America's best radio station WFMU rips National Public Radio a new one on the best music blog in the nation, their own. Read the post here, which includes an appended comment from yours truly.
Reader Mike F. really nails NPR in the comments:
"Here in Washington, DC, we have two major outlets for NPR -- or, as I call them, National Petroleum Radio: WETA, the fat, old, corporate dick-sucking NPR station featuring your standard NPR fare for geezing old liberals; and WAMU (out of American University), the slightly-less annoying NPR station, featuring more goddamn' bluegrass and early-60s folkies than you can stand, for the Volvos-with-Free-Tibet-stickers crowd.
To tell the truth, I don't listen to NPR if I can help it -- hell, I hardly listen to the radio at all anymore, except for WPFW (Washington, DC Pacifica outlet) or the WFMU mp3 stream. Still, from time to time, when spending any amount of time in the car with my wife, she insists on assaulting me with either NPR station -- delivering pro-Democratic Party spin, bland quiz shows, and NPR News, all delivered in a smooth, well-modulated, imperious, pompous liberal intellectual tone -- so that she can "stay informed" and, needless to say, when I groan and roll my eyes at yet another steaming heap of pro-Israel or pro-DP spin from All Things Considered and ask her to switch over to the CD player, she gets all huffy and grumps, "oh, be quiet, take a chance, maybe you'll learn something". Well, I've already learned something: NPR is a big, fat, fake; NPR is a corporate tool; NPR is culturally hidebound and insular; NPR bores the living piss out of me. I actually find myself feeling jealous of the likes of Rush Limbaugh and Fox News -- not because I agree with them at all, but because they remind me of how boring and humorless Liberal/Leftie radio is, how irrelevant it is to those of us of a Left persuasion who are really concerned about real issues and want real news about them, and how it just can't quit taking itself so goddamn' seriously. For me, the last thing NPR did that was worth a damn' was their last live broadcast of the Grateful Dead's New Year's Eve show from San Francisco, carried locally on WETA; they broadcast them every year from 1983 through '91, and it really shocked the hell out of me, considering NPR's usual insufferable cultural chauvanism (Holy shit! Rock'nRoll on NPR??).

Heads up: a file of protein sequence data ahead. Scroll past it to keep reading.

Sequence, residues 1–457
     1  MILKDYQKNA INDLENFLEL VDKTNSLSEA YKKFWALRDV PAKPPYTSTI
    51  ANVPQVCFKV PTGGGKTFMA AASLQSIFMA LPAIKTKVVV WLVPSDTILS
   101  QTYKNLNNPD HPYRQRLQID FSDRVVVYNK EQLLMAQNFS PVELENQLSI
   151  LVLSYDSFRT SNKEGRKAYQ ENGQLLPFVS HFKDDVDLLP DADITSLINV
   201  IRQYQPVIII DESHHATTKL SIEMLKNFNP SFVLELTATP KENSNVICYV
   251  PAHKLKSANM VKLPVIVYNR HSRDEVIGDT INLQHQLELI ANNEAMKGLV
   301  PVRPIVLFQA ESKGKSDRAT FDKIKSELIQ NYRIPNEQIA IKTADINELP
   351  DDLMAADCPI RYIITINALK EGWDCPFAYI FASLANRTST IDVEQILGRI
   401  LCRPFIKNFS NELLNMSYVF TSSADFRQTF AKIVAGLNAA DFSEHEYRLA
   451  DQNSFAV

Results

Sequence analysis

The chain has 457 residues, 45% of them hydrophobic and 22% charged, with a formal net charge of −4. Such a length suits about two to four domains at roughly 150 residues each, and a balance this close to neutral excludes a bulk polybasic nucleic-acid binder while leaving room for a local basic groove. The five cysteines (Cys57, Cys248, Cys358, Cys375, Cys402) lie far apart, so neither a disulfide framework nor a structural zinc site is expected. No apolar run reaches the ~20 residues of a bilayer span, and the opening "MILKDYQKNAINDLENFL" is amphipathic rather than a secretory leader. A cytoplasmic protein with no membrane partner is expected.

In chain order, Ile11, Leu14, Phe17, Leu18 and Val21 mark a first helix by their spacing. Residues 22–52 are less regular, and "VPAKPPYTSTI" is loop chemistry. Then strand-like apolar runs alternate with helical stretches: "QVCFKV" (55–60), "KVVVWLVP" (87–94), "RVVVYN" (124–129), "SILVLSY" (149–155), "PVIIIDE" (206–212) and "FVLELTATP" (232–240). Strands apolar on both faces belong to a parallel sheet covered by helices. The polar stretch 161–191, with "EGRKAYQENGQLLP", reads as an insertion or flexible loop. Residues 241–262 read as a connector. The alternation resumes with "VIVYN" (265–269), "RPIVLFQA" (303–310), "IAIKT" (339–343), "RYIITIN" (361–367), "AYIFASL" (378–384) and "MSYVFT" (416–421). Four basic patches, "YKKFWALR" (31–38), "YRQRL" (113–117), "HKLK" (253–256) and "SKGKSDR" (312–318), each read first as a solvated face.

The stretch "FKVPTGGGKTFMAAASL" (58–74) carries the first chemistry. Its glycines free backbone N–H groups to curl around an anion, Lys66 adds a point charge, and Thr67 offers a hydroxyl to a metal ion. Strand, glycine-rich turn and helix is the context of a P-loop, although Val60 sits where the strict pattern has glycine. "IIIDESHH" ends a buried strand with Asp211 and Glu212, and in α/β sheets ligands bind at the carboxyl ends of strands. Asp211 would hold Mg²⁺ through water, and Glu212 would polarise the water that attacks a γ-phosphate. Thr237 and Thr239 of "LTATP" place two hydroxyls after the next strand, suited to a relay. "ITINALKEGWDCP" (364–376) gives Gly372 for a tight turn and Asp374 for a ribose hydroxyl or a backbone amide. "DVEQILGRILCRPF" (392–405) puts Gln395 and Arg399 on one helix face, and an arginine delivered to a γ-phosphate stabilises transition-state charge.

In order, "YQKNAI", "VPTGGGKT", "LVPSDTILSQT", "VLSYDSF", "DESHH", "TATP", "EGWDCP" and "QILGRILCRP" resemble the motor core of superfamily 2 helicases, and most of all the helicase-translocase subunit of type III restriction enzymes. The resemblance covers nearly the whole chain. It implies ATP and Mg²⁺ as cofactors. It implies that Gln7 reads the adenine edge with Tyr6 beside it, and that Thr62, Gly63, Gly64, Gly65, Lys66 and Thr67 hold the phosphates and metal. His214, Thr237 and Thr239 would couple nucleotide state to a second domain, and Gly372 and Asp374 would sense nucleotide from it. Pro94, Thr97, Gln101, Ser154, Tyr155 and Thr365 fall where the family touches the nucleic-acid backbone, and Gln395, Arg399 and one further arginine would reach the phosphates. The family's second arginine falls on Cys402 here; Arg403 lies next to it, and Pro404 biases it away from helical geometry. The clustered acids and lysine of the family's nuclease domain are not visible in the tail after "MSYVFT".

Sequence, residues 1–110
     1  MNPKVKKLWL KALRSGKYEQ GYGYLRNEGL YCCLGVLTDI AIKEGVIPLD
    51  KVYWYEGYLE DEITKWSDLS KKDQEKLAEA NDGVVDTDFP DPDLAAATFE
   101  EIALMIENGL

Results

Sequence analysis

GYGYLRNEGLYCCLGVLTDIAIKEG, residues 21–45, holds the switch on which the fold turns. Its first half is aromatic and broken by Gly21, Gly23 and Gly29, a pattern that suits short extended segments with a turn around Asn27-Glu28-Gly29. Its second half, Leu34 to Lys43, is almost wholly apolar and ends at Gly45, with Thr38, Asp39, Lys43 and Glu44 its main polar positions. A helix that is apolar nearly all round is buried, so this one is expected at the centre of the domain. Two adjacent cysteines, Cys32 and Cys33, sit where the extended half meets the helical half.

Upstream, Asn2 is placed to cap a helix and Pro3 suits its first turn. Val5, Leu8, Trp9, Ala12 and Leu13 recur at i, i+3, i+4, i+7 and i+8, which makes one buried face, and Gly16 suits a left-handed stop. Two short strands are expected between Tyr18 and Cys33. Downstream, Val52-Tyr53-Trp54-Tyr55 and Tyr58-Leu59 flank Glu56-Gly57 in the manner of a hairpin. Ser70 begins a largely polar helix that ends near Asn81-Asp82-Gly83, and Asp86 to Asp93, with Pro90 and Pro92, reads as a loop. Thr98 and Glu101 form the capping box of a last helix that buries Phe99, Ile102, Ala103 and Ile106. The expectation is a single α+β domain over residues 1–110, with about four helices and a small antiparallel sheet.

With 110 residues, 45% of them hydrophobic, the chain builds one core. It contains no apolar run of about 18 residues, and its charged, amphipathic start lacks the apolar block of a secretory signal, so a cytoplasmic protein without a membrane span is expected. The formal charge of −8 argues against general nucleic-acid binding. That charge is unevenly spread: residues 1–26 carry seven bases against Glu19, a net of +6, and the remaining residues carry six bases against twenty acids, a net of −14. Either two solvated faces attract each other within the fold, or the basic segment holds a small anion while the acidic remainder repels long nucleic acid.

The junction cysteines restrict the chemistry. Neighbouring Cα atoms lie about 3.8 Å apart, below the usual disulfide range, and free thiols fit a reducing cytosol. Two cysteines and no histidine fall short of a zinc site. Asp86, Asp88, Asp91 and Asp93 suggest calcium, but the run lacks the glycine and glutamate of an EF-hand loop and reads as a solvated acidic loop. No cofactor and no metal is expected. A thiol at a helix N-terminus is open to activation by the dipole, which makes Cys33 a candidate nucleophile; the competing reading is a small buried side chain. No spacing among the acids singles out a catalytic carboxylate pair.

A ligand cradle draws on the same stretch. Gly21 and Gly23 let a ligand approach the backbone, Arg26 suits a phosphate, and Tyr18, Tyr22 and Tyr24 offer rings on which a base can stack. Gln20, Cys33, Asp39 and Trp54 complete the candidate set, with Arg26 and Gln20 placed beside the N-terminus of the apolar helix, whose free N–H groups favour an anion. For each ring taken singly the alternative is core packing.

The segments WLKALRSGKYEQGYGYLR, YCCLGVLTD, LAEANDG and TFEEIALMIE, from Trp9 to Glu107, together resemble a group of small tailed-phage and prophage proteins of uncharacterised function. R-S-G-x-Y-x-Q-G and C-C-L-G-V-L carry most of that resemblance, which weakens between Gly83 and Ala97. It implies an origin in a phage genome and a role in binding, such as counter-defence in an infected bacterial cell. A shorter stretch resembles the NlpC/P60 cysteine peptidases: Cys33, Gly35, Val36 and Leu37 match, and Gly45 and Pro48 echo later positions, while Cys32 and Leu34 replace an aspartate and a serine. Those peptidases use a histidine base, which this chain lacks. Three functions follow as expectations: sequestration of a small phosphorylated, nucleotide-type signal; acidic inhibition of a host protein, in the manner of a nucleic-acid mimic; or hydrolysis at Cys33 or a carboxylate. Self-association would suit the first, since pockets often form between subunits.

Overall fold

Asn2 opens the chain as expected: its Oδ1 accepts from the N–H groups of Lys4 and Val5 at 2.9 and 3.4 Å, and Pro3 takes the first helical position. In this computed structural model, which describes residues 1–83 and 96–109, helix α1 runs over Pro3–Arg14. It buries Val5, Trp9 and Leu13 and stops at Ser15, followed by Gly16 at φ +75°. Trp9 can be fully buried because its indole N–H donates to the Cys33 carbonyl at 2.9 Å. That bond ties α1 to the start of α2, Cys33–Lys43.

That said... good lawdamighty, Henry, how could you do a slag on NPR without mentioning Ira Glass or Diane Rehm?
I think that if truth-in-labeling laws applied to radio shows, they'd have to change that name of This American Life to This White Upper-Middle Class Liberal American Life. The last one I remember featured some college girl with some brain-numbing essay about growing up lesbian -- a white upper-middle-class, university-educated, cushy-living lesbian, no doubt. I can't think of a single segment of TIL that didn't feature some boring-assed, inconsequential, irrelevant story from some boring-assed, inconsequential, irrelevant person.
As far as Diane Rehm goes, I can't think of a more irksome, tedious excuse-maker for the Democratic Party anywhere on the air today, let alone just NPR. It's not just her matronly, quavering voice that makes her sound as if she's going to have a stroke any second, it's the fact that she never misses an opportunity to defend the Democratic Party, no matter how craven their behavior. The last Diane Rehm show I sat through, in the late '90s -- trapped in a car with my wife and one of her folk-musician friends -- she spent the better part of the program defending Bill Clinton's decisions to bomb the living piss out of Iraq and Serbia, and his threats to invade Haiti and Somalia. Jeezus, what a goddamn' tool that woman is.
But, aaaaaanyway, I've got a item or two or three that may not fit into the top ten, but which stand out in my own mind nonetheless: